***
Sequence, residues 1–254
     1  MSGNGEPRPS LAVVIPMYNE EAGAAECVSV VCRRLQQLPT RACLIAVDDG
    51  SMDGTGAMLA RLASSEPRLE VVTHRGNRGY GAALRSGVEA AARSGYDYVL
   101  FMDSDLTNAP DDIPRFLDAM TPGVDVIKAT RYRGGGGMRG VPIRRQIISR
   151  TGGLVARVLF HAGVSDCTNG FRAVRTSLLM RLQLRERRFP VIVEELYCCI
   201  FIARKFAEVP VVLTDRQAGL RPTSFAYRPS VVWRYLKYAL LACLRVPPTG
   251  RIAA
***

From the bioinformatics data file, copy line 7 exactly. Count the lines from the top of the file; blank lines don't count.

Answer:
   251  RIAA